of his art while delivering it with the greatest command of his instrument
since Dizzy Gillespie and Booker Little. Green Chimneys and Donna Lee should
convert any doubters.
The heat, sweep, scale and substance of Marsaliss thematic inventions reiterate, at almost every captured moment, that he is, as Betty Carter once said of him, the destiny of the music. The music needed him. He had to appear. And he did.
Wess Anderson, as made clear on Green Chimneys, is a startlingly original master of the alto. His other equally original features prove him the kind of improvisor we hear very little of at this time of academic school boys playing memorized patterns. Though a young man, Anderson is the best version of old school: He is a genuine melody maker of the first order, heavy in his harmony, and glowing in his rhythm. Above all, as Marsalis say, Wess has heavy soul. It goes deep but it’s also buoyant, and he loves to swing all night. He and I have invaded jam sessions all over the world. Wess Anderson is always ready to play and spread that good feeling. Thats why musicians and listeners love him.
Green Chimneys also reiterates the fact that Eric Lewis, following Kenny Kirkland, Marcus Roberts and Eric Reed, is another of the fantastic piano players that Marsalis has introduced to the jazz world. Lewis is possessed of a talent that expresses itself free of the Herbie Hancock and McCoy Tyner methods that have become perhaps too common among the less imaginative of the younger piano players. (Also notice how well Anderson and Lewis sustain the ideas that Marsalis sets up on each song, which creates overall thematic order of another level.) Kengo Nakamura and Joe Farnsworth are two of the most prominent rhythm section players of the day. They have control of their instruments, which means they never play too loud and throw off the balance of the band. They know how to listen, support, and drive. They are top of the line professionals with artistic sensibilities. The same can be said of guest percussionist Orlando Rodriguez.
When you put that all together, you get everything a jazz lover needs: swing, melodic invention, harmonic surprise, rhythmic freshness, and a collective sense of improvising impassioned and logical music on the wing, surely the great performance gift that jazz has brought to Western music. Enjoy this indelible hot scoop of soul. It was made amongst the people, and for the people, which means that the music had you in mind, too.
1. Green Chimneys (Thelonious Monk) 15:49
2. Just Friends (John Klenner / Sam M. Lewis) 17:48
3. You Don’t Know What Love Is 12:13
4. Donna Lee (Charlie Parker) 6:47
5. What Is This Thing Called Love? (Cole Porter) 10:27
6. Second Line (Paul Barbarin) 3:55
Wessell “Warmdaddy” Anderson: alto saxophone
Eric Lewis: piano
Kengo Nakamura: bass
Joe Farnsworth: drums
Robert Rucker: tambourine (6)
Orlando Q. Rodriguez: percussion (1, 2, 5, 6)
Recorded live December 15, 2002, at the House of Tribes & World Alert Music, NYC
Produced by Delfeayo Marsalis
Production Coordinators: Isobel Allen-Floyd & Genevieve Stewart
Goiicert Producers: Kwame Adansi-Bona & Dominique F. Bachemin
Recorded & Mixed by Jeff Jones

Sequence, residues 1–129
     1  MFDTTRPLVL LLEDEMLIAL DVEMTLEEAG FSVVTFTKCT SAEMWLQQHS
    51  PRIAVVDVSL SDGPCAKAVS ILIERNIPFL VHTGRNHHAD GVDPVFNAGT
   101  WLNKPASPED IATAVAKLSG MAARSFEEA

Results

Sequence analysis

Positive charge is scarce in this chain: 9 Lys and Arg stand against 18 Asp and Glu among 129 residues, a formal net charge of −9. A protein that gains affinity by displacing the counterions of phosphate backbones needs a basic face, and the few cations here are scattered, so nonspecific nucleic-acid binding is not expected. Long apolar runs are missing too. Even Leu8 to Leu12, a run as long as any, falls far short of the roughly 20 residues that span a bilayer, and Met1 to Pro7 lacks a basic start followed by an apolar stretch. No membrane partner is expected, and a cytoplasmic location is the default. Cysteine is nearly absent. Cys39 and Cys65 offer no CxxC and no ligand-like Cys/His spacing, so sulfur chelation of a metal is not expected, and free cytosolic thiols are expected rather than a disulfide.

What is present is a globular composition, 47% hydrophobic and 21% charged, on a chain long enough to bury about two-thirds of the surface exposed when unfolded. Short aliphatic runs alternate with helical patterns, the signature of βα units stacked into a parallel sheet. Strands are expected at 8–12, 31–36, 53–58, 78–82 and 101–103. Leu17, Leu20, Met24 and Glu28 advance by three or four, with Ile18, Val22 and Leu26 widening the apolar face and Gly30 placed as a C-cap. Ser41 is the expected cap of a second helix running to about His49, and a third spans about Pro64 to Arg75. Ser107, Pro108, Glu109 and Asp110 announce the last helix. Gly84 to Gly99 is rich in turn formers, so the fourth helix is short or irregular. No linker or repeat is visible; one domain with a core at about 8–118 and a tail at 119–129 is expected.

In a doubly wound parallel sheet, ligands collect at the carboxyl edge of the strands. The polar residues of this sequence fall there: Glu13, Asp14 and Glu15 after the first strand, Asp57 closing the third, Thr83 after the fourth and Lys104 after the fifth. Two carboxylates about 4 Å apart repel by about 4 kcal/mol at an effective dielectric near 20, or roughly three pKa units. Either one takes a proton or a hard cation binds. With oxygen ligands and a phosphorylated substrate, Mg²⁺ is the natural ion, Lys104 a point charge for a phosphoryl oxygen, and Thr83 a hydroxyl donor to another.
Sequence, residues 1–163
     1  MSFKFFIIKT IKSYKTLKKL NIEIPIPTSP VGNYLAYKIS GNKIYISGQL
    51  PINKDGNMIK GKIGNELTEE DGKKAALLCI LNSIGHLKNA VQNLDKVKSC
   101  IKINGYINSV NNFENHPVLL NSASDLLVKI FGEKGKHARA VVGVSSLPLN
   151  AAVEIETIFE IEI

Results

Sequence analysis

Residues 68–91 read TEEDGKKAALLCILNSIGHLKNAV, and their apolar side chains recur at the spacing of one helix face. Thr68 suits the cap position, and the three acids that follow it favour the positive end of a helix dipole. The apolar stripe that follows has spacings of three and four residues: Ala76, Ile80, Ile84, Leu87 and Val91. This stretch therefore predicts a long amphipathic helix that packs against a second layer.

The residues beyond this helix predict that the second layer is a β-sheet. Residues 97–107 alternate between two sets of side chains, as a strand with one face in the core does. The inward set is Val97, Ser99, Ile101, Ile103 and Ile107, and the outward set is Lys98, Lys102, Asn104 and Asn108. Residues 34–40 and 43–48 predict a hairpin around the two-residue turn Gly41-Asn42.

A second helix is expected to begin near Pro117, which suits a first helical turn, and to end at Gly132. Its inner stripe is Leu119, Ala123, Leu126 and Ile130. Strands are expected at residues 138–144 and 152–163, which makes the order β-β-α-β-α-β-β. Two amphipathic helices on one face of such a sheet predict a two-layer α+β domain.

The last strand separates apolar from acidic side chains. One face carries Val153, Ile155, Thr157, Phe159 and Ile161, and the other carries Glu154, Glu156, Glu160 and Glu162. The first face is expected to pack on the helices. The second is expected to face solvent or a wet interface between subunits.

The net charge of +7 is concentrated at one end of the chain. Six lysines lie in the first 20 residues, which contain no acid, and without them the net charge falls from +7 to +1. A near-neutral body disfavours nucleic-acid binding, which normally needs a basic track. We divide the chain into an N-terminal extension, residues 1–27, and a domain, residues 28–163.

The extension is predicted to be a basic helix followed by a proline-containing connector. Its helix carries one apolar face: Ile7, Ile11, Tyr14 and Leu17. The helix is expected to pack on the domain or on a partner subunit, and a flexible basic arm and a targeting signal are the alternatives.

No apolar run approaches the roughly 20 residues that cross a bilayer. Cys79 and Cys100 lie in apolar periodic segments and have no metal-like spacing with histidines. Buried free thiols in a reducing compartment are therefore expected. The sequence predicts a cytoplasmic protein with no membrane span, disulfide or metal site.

Assistant Recording Engineers: Chuck Fertal & Reggie Pittman
Mix Engineers: Patrick Smith & Daryl Dickerson
Mastered by Ron McMaster
Music Copyist: Jonathan Kelly
In-house Counsel: The Real Rilla (John Miller)
Wynton Marsalis’ dominance seems at times so complete that it’s easy to either become suspicious of the musician represented by the vita sheet, or take it as a given that he’s the world’s greatest trumpet player, if not music-maker. Live at the House of Tribes offers little conclusive evidence for either position, but it certainly makes the case for a non-controversial middle ground.
The program appears designed to appeal to a wide audience within the liberal spectrum of mainstream modern jazz. The opening selection, Monk’s rarely heard “Green Chimneys,” is a riff-driven, primarily single-chord piece introduced over an infectious boogaloo street beat—an ideal vehicle, in other words, for introducing the musical personalities of the band. “Just Friends” is taken at an uncharacteristically laid-back tempo, with Latin percussion and heavy emphasis on the off-beats. “You Don’t Know What Love Is” and “Donna Lee” are the two least compromising performances on the date, the latter conjuring up the ghosts of Bird, Diz, and 52nd Street halcyon days. “What Is This Thing Called Love,” normally a bebop staple, returns to the accessible rhythmic feel of “Just Friends,” and the closer, “2nd Line,” is an elemental New Orleans blues march that’s obviously a crowd-pleaser. Listening to Marsalis on this occasion, I couldn’t help but notice no small amount of Clark Terry’s influence on his playing. Like Terry, he alternates between a classically pure sound and occasional vocal effects, and he’s continually playful and engaging, teasing his audience with minimal virtuosity before cutting loose. If his playing lacks passion and drama, it more than compensates with consummate technical command and undeniable flare.
Although producer Delfeayo Marsalis seems to have had microphones placed at select tables to convince us that the audience was eating up every note, he’s otherwise to be commended for the audio quality of the recording. The sound has depth and natural presence, without the annoying boosting of the bass that’s endemic on recording sessions these days. The other musicians on the date—especially alto saxophonist Wessell Anderson—manage to impress while attending to their supportive roles. Overall, a solid entry by Mr. Marsalis and a spirited musical party by his ensemble.
Samuel Chell (AllAboutJazz)